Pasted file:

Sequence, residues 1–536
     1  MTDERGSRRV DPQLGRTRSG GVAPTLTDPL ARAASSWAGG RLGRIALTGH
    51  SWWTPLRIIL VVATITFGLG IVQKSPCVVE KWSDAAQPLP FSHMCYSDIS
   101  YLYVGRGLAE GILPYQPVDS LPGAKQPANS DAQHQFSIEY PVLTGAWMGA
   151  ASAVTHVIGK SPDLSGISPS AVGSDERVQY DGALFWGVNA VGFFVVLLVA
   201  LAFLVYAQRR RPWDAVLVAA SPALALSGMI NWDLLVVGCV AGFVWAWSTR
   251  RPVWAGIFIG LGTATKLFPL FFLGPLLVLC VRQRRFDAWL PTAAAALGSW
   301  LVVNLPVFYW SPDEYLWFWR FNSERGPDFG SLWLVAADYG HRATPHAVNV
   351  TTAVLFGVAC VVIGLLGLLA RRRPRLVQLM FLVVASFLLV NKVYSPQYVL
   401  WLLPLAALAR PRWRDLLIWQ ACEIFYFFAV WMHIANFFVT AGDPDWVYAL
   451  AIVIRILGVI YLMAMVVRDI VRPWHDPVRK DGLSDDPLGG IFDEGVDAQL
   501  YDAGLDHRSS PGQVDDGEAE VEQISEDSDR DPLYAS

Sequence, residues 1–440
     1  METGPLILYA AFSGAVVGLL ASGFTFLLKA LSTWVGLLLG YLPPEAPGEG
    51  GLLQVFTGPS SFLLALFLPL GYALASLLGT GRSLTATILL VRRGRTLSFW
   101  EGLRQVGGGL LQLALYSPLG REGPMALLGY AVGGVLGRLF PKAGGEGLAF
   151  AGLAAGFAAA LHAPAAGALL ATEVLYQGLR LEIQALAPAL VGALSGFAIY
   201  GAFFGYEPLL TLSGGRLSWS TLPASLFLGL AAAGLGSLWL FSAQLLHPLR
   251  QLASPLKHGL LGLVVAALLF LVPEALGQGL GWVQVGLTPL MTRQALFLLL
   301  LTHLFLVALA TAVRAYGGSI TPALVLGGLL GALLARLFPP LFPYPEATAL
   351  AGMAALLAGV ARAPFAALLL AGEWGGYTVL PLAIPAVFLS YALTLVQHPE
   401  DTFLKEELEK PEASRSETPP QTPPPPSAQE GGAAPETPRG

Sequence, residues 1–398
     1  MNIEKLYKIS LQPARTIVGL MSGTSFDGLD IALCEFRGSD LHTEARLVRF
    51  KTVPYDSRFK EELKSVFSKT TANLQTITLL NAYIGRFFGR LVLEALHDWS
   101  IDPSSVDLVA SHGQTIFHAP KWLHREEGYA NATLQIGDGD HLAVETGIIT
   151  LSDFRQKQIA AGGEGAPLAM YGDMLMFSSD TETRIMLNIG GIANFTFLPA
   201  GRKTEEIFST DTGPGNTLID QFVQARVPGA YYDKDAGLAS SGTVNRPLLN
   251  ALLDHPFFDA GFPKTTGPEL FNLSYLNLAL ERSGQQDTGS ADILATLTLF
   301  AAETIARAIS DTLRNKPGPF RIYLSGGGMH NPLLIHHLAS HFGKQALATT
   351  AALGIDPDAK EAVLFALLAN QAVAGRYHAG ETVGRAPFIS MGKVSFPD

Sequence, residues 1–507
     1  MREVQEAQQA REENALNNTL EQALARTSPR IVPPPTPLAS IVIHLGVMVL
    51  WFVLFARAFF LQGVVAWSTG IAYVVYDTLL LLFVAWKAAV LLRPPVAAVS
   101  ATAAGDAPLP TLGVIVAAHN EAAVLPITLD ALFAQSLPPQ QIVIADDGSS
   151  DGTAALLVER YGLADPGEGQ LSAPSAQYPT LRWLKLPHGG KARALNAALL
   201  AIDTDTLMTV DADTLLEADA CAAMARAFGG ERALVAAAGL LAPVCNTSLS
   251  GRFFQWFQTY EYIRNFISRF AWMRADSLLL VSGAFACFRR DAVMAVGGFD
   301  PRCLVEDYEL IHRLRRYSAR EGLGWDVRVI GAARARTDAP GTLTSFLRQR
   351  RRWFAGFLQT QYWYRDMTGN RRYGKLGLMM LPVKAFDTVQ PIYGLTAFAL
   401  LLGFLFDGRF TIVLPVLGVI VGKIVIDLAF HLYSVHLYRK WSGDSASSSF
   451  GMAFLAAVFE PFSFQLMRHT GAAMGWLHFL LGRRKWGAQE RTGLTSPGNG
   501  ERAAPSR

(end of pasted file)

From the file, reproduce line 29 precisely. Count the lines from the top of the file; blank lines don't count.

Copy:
   251  ALLDHPFFDA GFPKTTGPEL FNLSYLNLAL ERSGQQDTGS ADILATLTLF